Levels of particulate matter in Ho Chi Minh City have been falling in the past three years, according to a survey by the HCMC University of Science.
At a Monday conference on air pollution, To Thi Hien, subject head of Environment Technology at the university, said the survey revealed that PM2.5 levels in HCMC reduced from 25.9 microgram per cubic meter (μg/m3) in 2019 to 23.1 μg/m3 in 2020 and 22 μg/m3 in 2022. Peak levels of PM2.5 are usually recorded at 9 a.m., meaning people should refrain from going outside during the time frame, she said.
Particulate matter may contain inorganic substances like metal, organic substances like aromatic compounds and dioxides, and even living beings like viruses or molds. A worrying substance that has been detected among particulate matter in both Hanoi and HCMC are polycyclic aromatic hydrocarbons (PAHs), which are highly toxic.
“We found 15 metals among the PAHs, including mercury. Many substances that are potentially mutagenic and carcinogenic are found in high levels,” said Hien.
Air pollution mostly stems from artificial sources like industrial and domestic activities, including meat burning, smoking and fuel combustion. Pollutants may also react under different environmental conditions, producing even more dangerous substances, she added.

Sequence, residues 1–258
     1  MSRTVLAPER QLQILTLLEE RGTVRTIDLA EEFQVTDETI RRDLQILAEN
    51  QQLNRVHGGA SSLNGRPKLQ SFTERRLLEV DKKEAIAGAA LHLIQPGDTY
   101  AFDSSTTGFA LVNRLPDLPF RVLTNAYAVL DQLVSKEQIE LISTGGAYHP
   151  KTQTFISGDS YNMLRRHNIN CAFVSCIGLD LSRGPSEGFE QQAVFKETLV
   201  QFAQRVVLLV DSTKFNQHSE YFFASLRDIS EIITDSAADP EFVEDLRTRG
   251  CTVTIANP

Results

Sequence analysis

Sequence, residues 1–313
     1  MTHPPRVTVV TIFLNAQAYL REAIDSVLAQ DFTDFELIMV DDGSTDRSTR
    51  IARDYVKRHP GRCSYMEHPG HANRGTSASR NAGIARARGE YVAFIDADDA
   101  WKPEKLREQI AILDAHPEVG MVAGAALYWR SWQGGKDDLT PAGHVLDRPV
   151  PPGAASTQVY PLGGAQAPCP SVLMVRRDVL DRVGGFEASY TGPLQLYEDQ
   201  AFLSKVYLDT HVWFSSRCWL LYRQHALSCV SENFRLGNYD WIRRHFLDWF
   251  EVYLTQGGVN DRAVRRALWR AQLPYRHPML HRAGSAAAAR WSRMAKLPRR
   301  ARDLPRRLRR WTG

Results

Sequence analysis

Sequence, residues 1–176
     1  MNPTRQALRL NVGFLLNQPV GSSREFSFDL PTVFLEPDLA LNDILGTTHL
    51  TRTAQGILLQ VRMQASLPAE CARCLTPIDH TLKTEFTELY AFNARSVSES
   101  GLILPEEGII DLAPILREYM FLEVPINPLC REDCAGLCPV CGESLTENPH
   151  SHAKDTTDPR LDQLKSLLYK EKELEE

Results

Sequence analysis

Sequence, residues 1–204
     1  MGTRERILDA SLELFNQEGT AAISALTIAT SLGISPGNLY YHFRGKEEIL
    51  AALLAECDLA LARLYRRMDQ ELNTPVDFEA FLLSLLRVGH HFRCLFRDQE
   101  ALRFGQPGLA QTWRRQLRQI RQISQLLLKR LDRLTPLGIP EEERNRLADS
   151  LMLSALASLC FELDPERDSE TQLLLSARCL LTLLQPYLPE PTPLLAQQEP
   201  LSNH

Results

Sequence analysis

A major source of emissions stems from traffic activities, especially motorbikes, Hien said. As urban areas are expanded, people will spend more time on the street, increasing risks of exposure to pollutants. Policymakers and urban planners need to adopt strategic visions to alleviate this, she said.
“In the short term, Vietnam needs to quickly monitor motorbike emissions,” Hien said, adding that she supports measures to limit motorbike access in downtown areas and bolster public transport.
Gaelle Uzu, a researcher at the Institute for Environmental Geosciences of Universite Grenoble Alpes, said determining the components of pollutants is an important measure to evaluate their impacts on people’s health and the environment and to find their sources.
“Vietnam needs to have technical solutions to continually measure air quality on a large scale,” she said, adding that air pollution is the fourth leading cause of death globally.
About seven million deaths every year globally could be attributed to air pollution, with the figure around 60,000 in Vietnam, according to the World Health Organization. Hanoi and HCMC are among Asian cities with the worst air quality, it added.
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